In her disorderly chamber, too, Mrs. Jeffrey hobbled on one foot to the window, where, with a deep sigh of relief, she sent after the young men a not very complimentary adieu, which was echoed in part by the servants below, while Theo, on the piazza, exclaimed against the lonesome old house, which was never so lonesome before, and Maggie seated herself upon the stairs and cried!
Nestled among the tall old trees which skirt the borders of Leominster village was the bird’s-nest of a cottage which Rose Warner called her home, and which, with its wealth of roses, its trailing vines and flowering shrubs, seemed fitted for the abode of one like her. Slight as a child twelve summers old, and fair as the white pond lily when first to the morning sun it unfolds its delicate petals, she seemed too frail for earth; and both her aunt and he whom she called brother watched carefully lest the cold north wind should blow too rudely on the golden curls which shaded her childish brow. Very, very beautiful was little Rose, and yet few ever looked upon her without a feeling of sadness; for in the deep blue of her eyes there was a mournful, dreamy look, as if the shadow of some great sorrow were resting thus early upon her.
And Rose Warner had a sorrow, too—a grief which none save one had ever suspected. To him it had come with the words, “I cannot be your wife for I love another; one who will never know how dear he is to me.”
The words were involuntarily spoken, and George Douglas, looking down upon her, guessed rightly that he who would never know how much he was beloved was Henry Warner. To her the knowledge that Henry was something dearer than a brother had come slowly, filling her heart with pain, for she well knew that whether he clasped her to his bosom, as he often did, or pressed his lips upon her brow, he thought of her only as a brother thinks of a beautiful and idolized sister. It had heretofore been some consolation to know that his affections were untrammeled with thoughts of another, that she alone was the object of his love, and hope had sometimes faintly whispered of what perchance might be; but from that dream she was waking now, and her face grew whiter still as there came to her from time to time letters fraught with praises of Margaret Miller; and if in Rose Warner’s nature there had been a particle of bitterness, it would have been called forth toward one who, she foresaw, would be her rival. But Rose knew no malice, and she felt that she would sooner die than do aught to mar the happiness of Maggie Miller.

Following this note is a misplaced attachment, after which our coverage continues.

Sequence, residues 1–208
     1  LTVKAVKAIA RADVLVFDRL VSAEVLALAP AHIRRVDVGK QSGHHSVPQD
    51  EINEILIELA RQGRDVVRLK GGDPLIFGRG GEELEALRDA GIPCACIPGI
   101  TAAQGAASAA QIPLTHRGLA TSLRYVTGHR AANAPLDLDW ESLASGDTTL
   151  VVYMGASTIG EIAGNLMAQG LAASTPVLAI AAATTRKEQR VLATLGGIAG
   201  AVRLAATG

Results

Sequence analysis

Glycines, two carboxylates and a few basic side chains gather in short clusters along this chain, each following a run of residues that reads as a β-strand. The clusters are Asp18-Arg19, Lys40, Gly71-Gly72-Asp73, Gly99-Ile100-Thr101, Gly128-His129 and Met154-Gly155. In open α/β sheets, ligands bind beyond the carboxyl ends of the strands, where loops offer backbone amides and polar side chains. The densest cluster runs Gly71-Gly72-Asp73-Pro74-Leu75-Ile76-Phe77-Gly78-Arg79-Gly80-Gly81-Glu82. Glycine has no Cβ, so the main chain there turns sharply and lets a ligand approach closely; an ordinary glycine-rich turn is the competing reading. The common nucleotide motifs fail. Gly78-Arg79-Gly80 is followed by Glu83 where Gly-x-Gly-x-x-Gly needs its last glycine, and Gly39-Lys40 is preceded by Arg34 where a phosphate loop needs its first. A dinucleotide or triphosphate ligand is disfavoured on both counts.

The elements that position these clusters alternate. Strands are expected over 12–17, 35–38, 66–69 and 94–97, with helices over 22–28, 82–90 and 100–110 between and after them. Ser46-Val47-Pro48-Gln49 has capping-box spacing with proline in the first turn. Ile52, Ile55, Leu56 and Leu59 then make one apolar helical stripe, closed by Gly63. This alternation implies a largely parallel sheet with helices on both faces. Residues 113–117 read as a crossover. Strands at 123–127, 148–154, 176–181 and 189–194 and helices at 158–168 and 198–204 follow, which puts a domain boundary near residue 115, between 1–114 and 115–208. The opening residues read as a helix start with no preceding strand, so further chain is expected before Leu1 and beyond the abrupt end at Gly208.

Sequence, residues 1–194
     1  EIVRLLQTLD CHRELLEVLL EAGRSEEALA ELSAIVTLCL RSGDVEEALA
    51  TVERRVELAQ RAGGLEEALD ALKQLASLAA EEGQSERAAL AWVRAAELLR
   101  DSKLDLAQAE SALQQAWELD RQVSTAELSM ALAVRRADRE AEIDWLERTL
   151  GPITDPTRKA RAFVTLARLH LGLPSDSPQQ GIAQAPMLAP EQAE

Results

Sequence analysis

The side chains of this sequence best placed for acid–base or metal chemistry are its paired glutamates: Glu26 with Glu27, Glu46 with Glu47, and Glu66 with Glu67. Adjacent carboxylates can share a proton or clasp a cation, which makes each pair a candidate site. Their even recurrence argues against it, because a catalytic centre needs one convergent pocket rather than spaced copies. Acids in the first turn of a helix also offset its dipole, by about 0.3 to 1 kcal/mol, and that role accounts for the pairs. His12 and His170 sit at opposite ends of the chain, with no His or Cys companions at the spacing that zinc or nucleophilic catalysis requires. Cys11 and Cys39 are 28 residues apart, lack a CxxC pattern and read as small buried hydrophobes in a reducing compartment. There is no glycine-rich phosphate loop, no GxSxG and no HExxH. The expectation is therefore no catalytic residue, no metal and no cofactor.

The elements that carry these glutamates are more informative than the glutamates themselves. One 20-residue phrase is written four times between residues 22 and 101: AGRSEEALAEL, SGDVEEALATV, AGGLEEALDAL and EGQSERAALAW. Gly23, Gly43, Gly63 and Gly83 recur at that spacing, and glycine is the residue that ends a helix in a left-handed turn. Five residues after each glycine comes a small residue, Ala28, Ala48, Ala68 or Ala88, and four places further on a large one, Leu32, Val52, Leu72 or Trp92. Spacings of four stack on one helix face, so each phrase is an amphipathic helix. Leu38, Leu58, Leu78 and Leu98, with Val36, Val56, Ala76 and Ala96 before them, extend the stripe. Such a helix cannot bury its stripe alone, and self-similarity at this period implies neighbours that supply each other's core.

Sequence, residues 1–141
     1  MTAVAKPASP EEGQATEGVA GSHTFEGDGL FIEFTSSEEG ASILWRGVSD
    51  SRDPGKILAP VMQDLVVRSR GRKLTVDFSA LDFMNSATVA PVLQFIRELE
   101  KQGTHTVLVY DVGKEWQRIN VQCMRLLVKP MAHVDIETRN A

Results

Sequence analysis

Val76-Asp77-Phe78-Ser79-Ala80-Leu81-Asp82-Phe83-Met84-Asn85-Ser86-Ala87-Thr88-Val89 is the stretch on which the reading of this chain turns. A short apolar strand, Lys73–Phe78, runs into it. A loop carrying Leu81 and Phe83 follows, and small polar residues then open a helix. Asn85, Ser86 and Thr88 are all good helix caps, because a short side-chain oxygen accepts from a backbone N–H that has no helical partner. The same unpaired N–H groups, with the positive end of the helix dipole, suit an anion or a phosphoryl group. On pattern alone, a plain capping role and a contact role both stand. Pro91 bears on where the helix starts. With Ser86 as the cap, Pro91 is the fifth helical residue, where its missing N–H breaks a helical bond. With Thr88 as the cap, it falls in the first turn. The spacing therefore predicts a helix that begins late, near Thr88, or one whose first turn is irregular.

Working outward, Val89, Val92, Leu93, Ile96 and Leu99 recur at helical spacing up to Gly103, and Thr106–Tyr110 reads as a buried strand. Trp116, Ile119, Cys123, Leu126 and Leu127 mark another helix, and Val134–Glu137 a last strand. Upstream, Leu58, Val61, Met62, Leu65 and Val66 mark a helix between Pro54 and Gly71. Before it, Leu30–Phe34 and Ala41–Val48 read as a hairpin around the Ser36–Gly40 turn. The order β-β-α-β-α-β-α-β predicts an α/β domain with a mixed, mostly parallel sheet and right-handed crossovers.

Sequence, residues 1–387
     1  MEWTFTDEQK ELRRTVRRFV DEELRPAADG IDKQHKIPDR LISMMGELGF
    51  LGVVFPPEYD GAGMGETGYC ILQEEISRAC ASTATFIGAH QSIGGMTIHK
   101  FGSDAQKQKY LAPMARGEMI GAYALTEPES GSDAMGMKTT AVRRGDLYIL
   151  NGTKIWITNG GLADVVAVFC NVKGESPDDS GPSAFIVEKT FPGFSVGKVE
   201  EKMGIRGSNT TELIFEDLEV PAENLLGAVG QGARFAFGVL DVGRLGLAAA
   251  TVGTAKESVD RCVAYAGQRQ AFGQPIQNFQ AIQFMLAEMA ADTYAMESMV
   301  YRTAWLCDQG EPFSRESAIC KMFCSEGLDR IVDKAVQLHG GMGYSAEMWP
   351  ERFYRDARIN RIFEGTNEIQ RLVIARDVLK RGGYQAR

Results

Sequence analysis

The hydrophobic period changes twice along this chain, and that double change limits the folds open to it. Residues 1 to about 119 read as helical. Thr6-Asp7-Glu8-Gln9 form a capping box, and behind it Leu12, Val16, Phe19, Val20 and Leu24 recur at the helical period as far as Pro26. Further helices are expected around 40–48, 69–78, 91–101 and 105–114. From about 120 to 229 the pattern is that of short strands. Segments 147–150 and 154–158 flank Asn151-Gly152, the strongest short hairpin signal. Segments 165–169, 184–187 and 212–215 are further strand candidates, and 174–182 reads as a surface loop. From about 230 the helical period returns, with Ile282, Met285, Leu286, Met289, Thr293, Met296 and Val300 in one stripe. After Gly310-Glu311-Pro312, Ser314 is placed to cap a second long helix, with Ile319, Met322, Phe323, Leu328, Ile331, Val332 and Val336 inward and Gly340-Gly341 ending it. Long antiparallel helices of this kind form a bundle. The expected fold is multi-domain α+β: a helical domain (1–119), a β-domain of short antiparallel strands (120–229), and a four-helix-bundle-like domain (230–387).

For nearly two weeks she had not heard from Henry, and she was beginning to feel very anxious, when one morning, two or three days succeeding the memorable Hillsdale celebration, as she sat in a small arbor so thickly overgrown with the Michigan rose as to render her invisible at a little distance, she was startled by hearing him call her name, as he came in quest of her down the garden walk. The next moment he held her in his arms, kissing her forehead, her lips, her cheek; then holding her off, he looked to see if there had been in her aught of change since last they met.